Joseph S. Villani, Ph.D.
Deputy Executive Director, National School Boards Association
Peyton M. West, Ph.D.
Senior Program Associate, Program of Dialogue on Science, Ethics, and
American Association for the Advancement of Science
There are 14,600 local school boards across the United States, each
independently addressing one of education’s most critical challenges: how to
improve the teaching of science, technology, engineering and mathematics (STEM). Some have led their districts to innovative partnerships and brilliant
solutions; others have made disastrous decisions costing their districts
thousands of dollars. But none of them has had a central place to go to for
resources and support.
Beginning in 2007, a new partnership between the National School Boards
Association (NSBA) and the American Association for the Advancement of Science
(AAAS) was created to address this gaping need. The AAAS/NSBA Science,
Mathematics, and Technology Education Project marks the first time a national
science organization has reached out proactively to local school boards, and the
first time that NSBA has directly addressed its constituents’ needs with respect
to STEM subjects. The project’s goal is to determine what school boards want and
need to know about STEM education and to address those needs head-on.
Why Local School Boards?
Educational and professional experts agree that U.S. public school education
in STEM fails to address society’s growing need for literacy in these subjects.
Dire statistics include those from a recent U.S. Department of Labor report
indicating that 60 percent of jobs in the 21st century economy will require
skills that only 20 percent of the workforce currently has—and those skills are
largely related to STEM subjects. In the rush to address various aspects of the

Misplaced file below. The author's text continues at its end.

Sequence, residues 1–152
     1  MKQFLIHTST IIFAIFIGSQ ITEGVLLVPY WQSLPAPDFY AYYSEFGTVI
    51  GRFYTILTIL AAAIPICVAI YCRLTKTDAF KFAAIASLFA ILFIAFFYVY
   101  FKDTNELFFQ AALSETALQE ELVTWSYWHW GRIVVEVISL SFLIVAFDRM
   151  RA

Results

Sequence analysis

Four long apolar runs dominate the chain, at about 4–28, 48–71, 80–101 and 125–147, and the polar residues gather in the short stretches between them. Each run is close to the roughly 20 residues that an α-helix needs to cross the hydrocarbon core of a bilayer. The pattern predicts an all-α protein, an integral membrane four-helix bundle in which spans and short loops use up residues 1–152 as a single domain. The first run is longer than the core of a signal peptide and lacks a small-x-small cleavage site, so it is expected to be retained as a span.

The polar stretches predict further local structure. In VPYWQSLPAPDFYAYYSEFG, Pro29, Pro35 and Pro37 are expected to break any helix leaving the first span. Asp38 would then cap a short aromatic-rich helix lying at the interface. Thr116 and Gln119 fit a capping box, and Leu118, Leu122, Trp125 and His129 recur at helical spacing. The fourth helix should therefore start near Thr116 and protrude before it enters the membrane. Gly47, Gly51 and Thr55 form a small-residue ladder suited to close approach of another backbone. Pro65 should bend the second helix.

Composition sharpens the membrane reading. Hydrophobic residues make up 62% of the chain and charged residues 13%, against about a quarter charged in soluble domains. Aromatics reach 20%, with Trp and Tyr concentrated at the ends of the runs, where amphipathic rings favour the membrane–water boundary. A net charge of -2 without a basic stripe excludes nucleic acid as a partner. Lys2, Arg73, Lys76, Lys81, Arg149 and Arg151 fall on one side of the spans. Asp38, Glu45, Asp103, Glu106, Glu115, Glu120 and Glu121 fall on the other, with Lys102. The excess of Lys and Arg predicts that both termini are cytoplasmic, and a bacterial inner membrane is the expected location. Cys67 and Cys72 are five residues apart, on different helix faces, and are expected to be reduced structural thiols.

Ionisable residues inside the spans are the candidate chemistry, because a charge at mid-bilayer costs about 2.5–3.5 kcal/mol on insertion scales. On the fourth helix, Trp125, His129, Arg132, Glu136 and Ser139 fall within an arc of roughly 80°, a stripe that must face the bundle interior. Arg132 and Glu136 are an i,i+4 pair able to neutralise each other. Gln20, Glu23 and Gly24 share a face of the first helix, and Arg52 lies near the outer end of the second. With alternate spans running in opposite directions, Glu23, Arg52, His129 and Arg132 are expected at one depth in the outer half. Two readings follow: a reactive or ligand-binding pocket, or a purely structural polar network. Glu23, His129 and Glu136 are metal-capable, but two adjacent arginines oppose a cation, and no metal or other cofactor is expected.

problem, a key player in the debate is often overlooked. The local school board
is ultimately responsible not only for how these subjects are taught in public
schools but also for garnering and ensuring community support for decisions
about public school education. Yet school board members often know very little
about STEM education.
Typically, national science societies and organizations have interacted with
local school boards only when boards institute policies that threaten science
education. There are a number of examples, such as the Dover, Pennsylvania,
school board’s decision to undermine the teaching of evolution by encouraging
students to look into “intelligent design.” While weighing in after these
decisions is important, preventing decisions like this in the first place would
clearly benefit students as well as science education in general. The AAAS/NSBA
partnership believes that helping school boards understand what science is and
why STEM education is so important will help prevent controversial issues from
gaining traction while simultaneously addressing the larger issue of improving
U.S. public STEM education.
Where to Begin?
Each of the U.S. local school boards faces a unique set of issues due to the
highly localized structure of the U.S. public school system. Districts vary
considerably in size, urbanization, and socio-economic variables, and board
members represent a wide array of experience, education, and viewpoints. This